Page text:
Another big skin allergy inducer is any kind of new clothing. All new clothing is sprayed after manufacturing to protect it from mold and moths while it’s in storage. Unwashed new clothing really makes me itch. They actually warn you about washing new clothing before wearing it. I used to ignore the warning. Now, I wash it. Since you never know what substance whoever made the clothing sprayed on it, wash it, even though you lose that lovely shine clothing has when it is brand new.

I showered every day when I worked. I was outside more doing more sweaty, dirty work. And I smoked. These days, unless I’m potting plants or digging around the garden, I’m inside. And I stopped smoking a long time ago.

Garry would probably explode if he didn’t take a shower (or two) a day — although he does NOT wash his hair unless it absolutely needs it. He’s trying to retain what little of it remains. He showers enough for both of us.

Garry is physically the cleanest person I’ve ever known yet is unable to recognize if the rug needs vacuuming or the floor needs washing. He is just as likely to rinse the dishes rather than washing them with soap. Dust devils go unnoticed and grime waits for me. I see dirt. He is oblivious to it. Is this a “guy thing”?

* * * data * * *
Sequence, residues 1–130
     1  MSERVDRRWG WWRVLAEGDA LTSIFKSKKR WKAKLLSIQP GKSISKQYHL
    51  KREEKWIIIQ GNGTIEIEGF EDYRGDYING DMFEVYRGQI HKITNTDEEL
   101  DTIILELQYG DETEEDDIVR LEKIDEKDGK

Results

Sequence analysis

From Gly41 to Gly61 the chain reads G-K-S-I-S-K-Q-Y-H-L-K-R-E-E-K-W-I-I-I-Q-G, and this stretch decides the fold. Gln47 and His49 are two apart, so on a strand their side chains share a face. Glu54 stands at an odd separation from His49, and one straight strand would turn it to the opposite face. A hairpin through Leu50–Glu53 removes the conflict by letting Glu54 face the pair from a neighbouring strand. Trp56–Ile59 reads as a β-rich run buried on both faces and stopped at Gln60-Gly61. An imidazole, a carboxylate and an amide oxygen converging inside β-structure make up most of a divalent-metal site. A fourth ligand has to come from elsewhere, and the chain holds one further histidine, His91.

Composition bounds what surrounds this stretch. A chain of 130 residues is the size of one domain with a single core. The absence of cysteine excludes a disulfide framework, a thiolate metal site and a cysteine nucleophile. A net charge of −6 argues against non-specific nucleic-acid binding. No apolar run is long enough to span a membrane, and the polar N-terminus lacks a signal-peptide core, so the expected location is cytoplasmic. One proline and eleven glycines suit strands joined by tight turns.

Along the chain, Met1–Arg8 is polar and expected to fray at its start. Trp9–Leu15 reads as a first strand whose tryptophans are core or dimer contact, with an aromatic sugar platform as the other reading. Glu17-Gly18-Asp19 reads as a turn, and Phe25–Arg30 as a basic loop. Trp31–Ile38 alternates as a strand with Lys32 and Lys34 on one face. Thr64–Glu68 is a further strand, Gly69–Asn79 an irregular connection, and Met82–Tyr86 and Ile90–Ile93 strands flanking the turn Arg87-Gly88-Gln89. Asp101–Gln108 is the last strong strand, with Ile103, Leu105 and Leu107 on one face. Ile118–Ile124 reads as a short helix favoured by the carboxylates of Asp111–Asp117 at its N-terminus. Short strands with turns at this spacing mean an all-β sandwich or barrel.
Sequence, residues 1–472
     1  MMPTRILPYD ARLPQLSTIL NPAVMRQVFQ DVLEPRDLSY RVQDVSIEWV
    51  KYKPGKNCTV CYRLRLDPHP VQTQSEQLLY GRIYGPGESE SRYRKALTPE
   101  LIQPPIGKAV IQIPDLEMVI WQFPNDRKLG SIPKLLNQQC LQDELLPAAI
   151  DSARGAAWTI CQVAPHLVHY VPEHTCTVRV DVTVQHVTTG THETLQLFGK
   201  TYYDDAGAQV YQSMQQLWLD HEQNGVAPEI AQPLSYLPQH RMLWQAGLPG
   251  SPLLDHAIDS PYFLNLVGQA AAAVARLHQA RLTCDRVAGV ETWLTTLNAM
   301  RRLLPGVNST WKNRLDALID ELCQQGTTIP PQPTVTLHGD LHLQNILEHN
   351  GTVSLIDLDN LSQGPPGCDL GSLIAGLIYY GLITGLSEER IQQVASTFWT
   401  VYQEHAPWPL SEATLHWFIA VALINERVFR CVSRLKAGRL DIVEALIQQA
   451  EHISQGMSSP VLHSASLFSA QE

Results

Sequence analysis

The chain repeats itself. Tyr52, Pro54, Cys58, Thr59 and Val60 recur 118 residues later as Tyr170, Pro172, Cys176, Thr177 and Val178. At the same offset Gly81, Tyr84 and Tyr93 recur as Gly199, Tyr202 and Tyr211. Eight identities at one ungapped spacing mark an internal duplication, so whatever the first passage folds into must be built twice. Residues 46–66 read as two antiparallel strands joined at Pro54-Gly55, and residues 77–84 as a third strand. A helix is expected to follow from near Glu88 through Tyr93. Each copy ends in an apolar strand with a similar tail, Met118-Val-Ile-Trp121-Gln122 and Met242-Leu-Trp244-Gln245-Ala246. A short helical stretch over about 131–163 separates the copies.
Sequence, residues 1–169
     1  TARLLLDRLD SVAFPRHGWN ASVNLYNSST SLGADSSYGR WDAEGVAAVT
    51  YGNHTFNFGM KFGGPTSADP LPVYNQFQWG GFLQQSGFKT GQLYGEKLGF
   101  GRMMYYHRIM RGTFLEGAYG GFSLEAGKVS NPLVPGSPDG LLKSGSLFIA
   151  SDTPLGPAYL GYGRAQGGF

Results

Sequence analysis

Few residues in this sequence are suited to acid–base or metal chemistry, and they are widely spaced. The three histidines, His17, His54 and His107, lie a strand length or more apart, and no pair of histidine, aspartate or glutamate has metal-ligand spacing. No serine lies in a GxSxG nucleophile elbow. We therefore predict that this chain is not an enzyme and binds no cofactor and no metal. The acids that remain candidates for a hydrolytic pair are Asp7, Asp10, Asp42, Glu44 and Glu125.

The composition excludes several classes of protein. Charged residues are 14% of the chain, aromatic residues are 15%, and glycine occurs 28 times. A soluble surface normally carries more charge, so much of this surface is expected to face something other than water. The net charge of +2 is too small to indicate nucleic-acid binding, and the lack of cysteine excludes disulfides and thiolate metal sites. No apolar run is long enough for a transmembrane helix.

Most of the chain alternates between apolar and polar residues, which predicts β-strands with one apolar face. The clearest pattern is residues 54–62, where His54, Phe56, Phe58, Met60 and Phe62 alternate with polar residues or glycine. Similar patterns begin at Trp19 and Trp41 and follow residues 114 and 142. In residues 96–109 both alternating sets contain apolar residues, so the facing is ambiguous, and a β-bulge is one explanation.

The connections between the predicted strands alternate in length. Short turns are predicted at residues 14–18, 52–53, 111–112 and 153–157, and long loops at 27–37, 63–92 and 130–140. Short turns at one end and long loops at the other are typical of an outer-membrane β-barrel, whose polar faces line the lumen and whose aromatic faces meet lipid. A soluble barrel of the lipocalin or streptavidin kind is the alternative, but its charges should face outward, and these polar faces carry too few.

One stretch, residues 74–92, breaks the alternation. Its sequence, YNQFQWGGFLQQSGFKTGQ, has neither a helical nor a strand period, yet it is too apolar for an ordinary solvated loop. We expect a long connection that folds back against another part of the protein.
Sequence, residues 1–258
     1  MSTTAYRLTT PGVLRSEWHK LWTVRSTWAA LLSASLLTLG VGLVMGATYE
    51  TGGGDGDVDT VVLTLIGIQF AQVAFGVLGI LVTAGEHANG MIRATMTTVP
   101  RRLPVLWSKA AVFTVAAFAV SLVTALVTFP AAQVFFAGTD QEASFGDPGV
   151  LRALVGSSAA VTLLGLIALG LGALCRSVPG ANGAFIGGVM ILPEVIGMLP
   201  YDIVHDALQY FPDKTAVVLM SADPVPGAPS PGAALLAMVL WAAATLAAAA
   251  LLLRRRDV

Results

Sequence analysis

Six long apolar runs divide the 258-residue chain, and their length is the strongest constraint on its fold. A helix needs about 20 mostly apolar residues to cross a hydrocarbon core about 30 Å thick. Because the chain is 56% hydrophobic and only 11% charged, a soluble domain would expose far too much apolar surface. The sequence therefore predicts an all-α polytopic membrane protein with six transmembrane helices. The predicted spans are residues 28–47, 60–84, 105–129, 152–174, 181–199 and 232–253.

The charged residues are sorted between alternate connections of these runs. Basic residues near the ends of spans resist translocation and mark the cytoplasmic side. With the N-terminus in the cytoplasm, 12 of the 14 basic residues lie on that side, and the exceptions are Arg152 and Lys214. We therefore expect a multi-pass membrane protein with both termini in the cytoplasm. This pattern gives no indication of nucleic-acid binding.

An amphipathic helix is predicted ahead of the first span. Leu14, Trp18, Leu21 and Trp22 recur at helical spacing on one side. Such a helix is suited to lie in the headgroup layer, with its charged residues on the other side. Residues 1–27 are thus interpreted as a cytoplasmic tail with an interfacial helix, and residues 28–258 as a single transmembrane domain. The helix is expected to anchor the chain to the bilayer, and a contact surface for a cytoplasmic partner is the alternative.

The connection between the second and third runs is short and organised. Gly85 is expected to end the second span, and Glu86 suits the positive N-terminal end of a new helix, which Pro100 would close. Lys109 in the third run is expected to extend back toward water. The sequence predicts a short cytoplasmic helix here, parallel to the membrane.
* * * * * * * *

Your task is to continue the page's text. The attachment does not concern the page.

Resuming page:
Owen works more than full time and runs a garage. It’s a dirty, sweaty, difficult job, so when he gets home, he hits that shower with a bang.

I find the difference between how both men keep their bodies versus their indifference to house cleaning, interesting. While ignoring internal dirt, both of them pay attention to the cleanliness of cars — even if the kitchen floor doesn’t get similar attention. Maybe if I could drive the floor through a car wash?

This house would be cleaner if someone other than me cleaned it, but it’s respectable. It’s not a mess. It’s neat. The beds get made and the sheets are changed regularly. Laundry does not languish. Dishes are washed and put away. Counters don’t collect old mail or other junk.

Daily bathing was important when I got dirty and was outside more. It was also more important when I and people around me smoked. Now, no one smokes tobacco and I don’t smoke anything. When we used to have campfires in the teepee or in the backyard fire pit, that was a serious shower inducer. Even when we were still using the fireplace, smoke got into everything.

Now, life is pretty tidy. I wash when I need to wash. We have bidet-hoses on all the toilets — a reaction to the absence of toilet paper during the lockdown and a huge improvement in personal cleanliness for everyone. I most highly recommend them!



Categories: #FPQ, Anecdote, Gallery, House and home, housework, Humor, Music, Photography, Provocative Questions, Water, Word Prompt

Tags: , , , , , , , ,

15 replies